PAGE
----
Newspaper Archive of
The Julian News
Julian , California
August 28, 2013     The Julian News
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August 28, 2013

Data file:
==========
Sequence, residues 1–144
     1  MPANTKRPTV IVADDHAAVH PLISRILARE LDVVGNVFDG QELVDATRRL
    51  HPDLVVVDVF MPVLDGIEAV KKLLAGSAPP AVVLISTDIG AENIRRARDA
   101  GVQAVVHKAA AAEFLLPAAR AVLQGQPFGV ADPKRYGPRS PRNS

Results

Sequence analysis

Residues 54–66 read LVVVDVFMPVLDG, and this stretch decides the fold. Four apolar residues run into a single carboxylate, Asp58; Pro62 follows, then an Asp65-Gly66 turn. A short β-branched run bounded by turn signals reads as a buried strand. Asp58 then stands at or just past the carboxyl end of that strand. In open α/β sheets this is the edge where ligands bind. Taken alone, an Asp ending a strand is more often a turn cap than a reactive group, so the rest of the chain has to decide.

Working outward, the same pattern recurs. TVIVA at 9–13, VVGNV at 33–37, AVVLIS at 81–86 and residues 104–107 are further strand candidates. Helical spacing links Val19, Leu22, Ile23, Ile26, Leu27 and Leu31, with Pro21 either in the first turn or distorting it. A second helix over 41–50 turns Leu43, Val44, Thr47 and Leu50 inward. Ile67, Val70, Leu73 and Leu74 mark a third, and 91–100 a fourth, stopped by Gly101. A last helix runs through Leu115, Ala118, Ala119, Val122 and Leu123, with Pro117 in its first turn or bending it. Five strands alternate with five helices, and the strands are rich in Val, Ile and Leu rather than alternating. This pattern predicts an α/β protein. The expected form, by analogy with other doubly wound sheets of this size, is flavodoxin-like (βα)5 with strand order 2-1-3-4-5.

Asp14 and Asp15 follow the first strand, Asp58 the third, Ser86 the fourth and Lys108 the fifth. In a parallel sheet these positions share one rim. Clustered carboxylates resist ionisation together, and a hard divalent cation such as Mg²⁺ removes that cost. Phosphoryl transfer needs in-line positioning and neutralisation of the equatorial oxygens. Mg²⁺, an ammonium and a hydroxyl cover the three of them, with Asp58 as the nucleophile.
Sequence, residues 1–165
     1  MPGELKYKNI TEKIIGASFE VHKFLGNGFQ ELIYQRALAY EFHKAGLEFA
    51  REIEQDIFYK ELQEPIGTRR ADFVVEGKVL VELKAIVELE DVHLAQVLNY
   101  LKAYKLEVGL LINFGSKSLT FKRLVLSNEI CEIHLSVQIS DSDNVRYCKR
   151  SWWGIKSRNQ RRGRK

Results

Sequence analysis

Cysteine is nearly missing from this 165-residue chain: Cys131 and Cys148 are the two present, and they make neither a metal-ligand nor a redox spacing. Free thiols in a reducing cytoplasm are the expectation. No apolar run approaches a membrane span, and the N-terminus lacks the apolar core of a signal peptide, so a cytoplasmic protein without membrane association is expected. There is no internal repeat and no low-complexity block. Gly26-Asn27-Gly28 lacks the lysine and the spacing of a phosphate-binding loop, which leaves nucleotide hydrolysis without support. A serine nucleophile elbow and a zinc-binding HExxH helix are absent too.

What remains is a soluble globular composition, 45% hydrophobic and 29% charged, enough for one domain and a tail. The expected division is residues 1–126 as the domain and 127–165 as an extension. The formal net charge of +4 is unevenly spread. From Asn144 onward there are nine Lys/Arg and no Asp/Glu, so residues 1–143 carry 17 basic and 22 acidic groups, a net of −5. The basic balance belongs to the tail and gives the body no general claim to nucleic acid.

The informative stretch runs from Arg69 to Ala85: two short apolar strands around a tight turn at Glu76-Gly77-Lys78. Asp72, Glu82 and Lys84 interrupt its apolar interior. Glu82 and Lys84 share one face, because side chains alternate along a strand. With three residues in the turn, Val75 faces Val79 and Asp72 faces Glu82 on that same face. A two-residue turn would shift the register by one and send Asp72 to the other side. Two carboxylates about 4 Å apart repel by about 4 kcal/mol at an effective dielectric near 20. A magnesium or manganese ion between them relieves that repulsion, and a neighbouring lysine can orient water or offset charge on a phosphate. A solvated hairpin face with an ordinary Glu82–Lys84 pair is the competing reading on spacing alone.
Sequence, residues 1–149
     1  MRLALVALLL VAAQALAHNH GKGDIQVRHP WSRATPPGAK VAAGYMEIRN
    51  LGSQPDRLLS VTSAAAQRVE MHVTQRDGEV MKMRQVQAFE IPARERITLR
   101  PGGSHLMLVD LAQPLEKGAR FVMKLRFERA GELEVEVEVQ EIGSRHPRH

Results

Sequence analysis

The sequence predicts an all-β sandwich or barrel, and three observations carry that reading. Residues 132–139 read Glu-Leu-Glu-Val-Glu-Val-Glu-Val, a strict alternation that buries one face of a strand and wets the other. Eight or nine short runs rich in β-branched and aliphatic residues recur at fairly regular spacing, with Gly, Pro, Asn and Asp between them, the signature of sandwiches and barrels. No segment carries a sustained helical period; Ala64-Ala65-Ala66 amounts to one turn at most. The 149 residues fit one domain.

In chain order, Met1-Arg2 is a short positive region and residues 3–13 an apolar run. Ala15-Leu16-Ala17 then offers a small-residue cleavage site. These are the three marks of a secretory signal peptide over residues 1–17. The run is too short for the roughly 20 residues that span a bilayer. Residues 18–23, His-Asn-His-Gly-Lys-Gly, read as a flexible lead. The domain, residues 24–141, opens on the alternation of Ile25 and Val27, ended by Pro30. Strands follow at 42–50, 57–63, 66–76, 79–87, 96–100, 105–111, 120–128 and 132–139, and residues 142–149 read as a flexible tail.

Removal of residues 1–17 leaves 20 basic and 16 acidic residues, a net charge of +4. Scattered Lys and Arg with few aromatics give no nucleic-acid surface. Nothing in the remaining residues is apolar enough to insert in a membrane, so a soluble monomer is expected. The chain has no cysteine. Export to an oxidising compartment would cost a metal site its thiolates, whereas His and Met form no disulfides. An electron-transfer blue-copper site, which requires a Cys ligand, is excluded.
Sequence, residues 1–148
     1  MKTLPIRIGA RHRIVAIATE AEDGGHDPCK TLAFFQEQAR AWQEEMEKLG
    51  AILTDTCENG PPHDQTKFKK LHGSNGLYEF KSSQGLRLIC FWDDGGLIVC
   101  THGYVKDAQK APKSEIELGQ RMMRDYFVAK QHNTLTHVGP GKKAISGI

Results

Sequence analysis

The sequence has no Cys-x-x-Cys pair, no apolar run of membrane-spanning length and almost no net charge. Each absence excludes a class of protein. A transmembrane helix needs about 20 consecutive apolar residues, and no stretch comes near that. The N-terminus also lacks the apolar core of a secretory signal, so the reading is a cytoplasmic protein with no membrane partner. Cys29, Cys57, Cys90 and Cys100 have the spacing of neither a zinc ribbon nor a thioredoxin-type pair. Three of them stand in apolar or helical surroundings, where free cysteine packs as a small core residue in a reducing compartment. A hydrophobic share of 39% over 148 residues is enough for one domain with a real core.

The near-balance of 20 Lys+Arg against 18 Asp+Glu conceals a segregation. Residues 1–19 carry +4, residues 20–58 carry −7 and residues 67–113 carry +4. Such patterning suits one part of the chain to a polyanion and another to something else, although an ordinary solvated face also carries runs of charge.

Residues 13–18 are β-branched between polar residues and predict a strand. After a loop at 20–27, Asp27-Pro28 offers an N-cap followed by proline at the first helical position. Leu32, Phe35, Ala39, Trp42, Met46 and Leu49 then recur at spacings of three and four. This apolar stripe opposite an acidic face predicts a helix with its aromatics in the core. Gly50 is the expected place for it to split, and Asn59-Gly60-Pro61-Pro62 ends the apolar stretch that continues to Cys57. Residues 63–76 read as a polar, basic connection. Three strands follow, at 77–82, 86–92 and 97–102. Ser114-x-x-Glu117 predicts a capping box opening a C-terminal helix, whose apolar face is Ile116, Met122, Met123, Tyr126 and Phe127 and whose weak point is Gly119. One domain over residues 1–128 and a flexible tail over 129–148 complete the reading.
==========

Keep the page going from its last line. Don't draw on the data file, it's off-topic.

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8 The Julian News August 28, 2013 : !i i i , PINE HILLS-4894 Pine Ridge Ave-3BD/3BA If owning a log home in the mountains is on your list, this custom built country beauty just may be the one. It is situated on a 3.11 acre parcel in Pine Hills, just 4 miles near the historic mining town of Julian CA and only one hour from San Diego. This log home offers 3/4 wrap around decks, perfect for enjoying the bonus views to the Pacific Ocean. $656,000 WYNOLA-HWY 78-3BD/3BA This captivating custom built 1995 two-level, substantial country home presents a unique opportunity to embrace not just a home but a lifestyle. It has been well maintained and lovingly enjoyed by the same family since it was built. $975K Deborah J. Kerch REALTOR, RMS DRE License # 01441209 direct: 760-579-3716 Stephen C. Kerch Broker/Owner CA DRE Lic #00551521 REALTY 760-765-1000 2526 Washington St., Julian, CA WYNOLA ESTATES - SPRINGVlEW RD - 2BD/2BA This uncomplicated home is just minutes from the Histor- ic town of Julian. It was built in 1974 and has had only one owner. Theproperty has been well cared for over the PINE HILLS- PERA ALTA- 2+BD/2BA Rustic Hand Hewn Log Home on 1.85 acres. Master Suite Spa Room w/whirlpool tub and sauna. Outdoor deck with fireplace. $499K years by its owner who was WYNOLA, MOUNTAIN SPRINGS known for making free form RANCH 3 Homes on the property, metal sculptures from found 55 acres, abundant spring fed water. $1,39Si000 or salvaged treasures. $329K : WYNOLA- CALICO RANCH 6100 sq ft.Must see! Executive home in the country, 16+ acres too many features to describe. : $1,395,000 NORTH PEAK-NORTH PEAK RD 2BD/2.5BA This lovely mountain beauty, cedar 2 level house was built in 1995 by the current owners. It is located in the scenic gated community of Rancho Cuyamaca On a 2.5 acre parcel on North Peak. $349K PINE HILLS,A2ALEA AV-3BD/3.5BA-Amazing Volcan views, BUSINESS OPPORTUNITY FOR SALE = 2007 Main Street - MOUNTAIN .... ' ....... :, ..... GYPSY is one of Julian's shopping icons; 24 years of successful fine home finishes, mature trees, lovely landscaping, operation under the same owner, ship. This profitable store CALL NOW TO SEE $535,500 specializes in the sale of women s apparel. $75K plus inventory ............. : JULIAN ESTATES LOT-West Incense Cedar 4.91 acres Gatedcommunity, underground utilities $199K JULIAN ESTATES LOT -West: ;JULIAN HISTORIC DISTRICT- HARRISON PARK - Harrison Park Incense Cedar 4.15 ACRES  PAYSON DR: 3,37 western view Rd 4.93 acre lot right on Hwy 79 Gated community, undergrouhd acresi $112K Harrison Park Rd. $120K OMC utilities. $199k design: LEENA " Letters continued from page 2 understanding of migration and immigration history and territorial rights. Migration, or movement from one location to another, of living things began early in earth's history when conditions were favorable. Globalization of plants, animals, insects, viruses and bacteria began millions of years ago without restriction or requirement except natural forces. Such movement was facilitated by rain, meteors, wind and,-the curious nature and survival instincts endemic within animal genes. About 1.8 million years ago Homo Erectus, with origins in Africa, began moving northward. Home Sapiens (a break off from Cro-Magnon) evolved in Africa about 200, 000 years ago and within 75,000 years had reached the near east. So, living things have been moving around on earth for a very long time. The first settlers, known to have arrived on the "American" continent, came between 40,000 and 15,000 BCE. These paleo-indians were from central Asia. There have been multiple migrations since. Millions arrived on these shores during the mid 1800-1900s due to starvation, cultural and political wretchedness. Immigration is a more recent concept, inferring territorial rights of one group and the movement of another into a region or country. This also started a long time ago. Neanderthals were "displaced" and/or absorbed by the more aggressive Homo Sapiens migrating into the Iberian peninsula. The establishment of territory, fortified and protected by force and war and elimination of an indigenous population has been the human way for eons. PROFLAM E ServingThe Community We Live In For Over 60 Years Commercial ooo Residential ooo Payment Options " GASCheck"r*le.o.Nf M::::2:i Trained l,lJ COUNCIL 24 Hour Emergency Service Celebrating 100 of 765-0130 Ben Sulser, District Manager Recall the actions and motives of the Scandinavian, Spanish, Portuguese, Italian, French, and English adventurers upon discovery of the new continent. Pizarro, Cortez, Columbus and our forefathers are responsible for the elimination of hundreds of millions of "Native" Americans," the destruction of their villages, culture and the "taking" of their lands. Holding onto a territory hasn't always been easy. Evolutionary and globalization forces are the underpinning of human migration with immigration legislation and war being forms for controlling these forces. The Americas are lands in the Western hemisphere now occupied by 56 countries and established by territorial boundaries and a system of laws unique to It consists of all kinds and mixtures of people and cultures. Recent genetic research indicates that every living person on earth can tie his or her origin to the beginnings of human life in Africa and while divided by superficial features, we are incredibly blended biologically. Those immigrants and the unauthorized are relatives. The total population of the Americas is about 850, 000,000, whereas our part of it consists of about 360 million. The first use of the term "America" however dates to 25 April 1507. Not too long ago by those hoping to exploit the new world. Remember, "American" is not a race. It is not an ethnicity and it is not even a culture. It is a position and a concept. If anything, the continued on page 10 Big Little Book Q: I have a Big Little Book, "Dick Tracy's Chains of Crime." It is from the 1930s and except for a few scuffs, in good condition. I have a friend wanting to buy it from me, but I have no idea of what it is worth. -- Steve, New Paltz, N.Y. A: I found your Big Little Book referenced in several price guides. It was published in 1936, and current values range from $30 to $130 depending on condition. Q: I recently inherited an oblong dish, a cake plate and a pair of candlesticks in the Canterbury pattern made by Duncan & Miller glassware. I know nothing about this company and hope you can provide me with at least some information. --Barbara, Tyler, Texas A: George Duncan founded the company in about 1865 in Pittsburgh. The firm became known as Duncan & Miller in 1900, but eventually was absorbed by the United States Glass Company. Many of the older designs continued to be manufactured. The Canterbury pattern was extremely popular. Your cake plate is probably worth about $25; the candlesticks, $30; and oblong relish dish, perhaps $50. Q: I would like to know the value of ... (and what followed was three typewritten pages of books, comics and other items) --Keith, Billings, Mont. A: To research and value your several hundred items would take a great deal of time, and it is a service I don't provide. Keep in mind that a free "appraisal" is worth what you pay for it. If you truly want to know how the value of your books and collectibles, hire the services of a certified appraiser or contact dealers in the Billings area. Jr** Q: I love bells and have collected them for most of my adult life. I am now in the process of downsizing and would like your opinion of how I can begin selling some of the more common ones that I have. -- Kenneth, Sioux Falls, S.D. A: One of the better groups for collectors is the American Bell Association International, 4219 Boone Ave., New Hope, MN 55428. This is a fairly active group and sponsors annual conventions for its members, who are scattered throughout the country. Write to Larry Cox in care of King Features Weekly Service, P.O. Box 536475, Orlando, FL 32853-6475, or send e-mail to questionsforcox@ Due to the large volume of mail he receives, Mr. Cox is unable to personally answer all reader questions. Do not send any materials requiring return mail. Home is a shelter from storms - all sorts of storms. -- William J. Bennett ggg .  y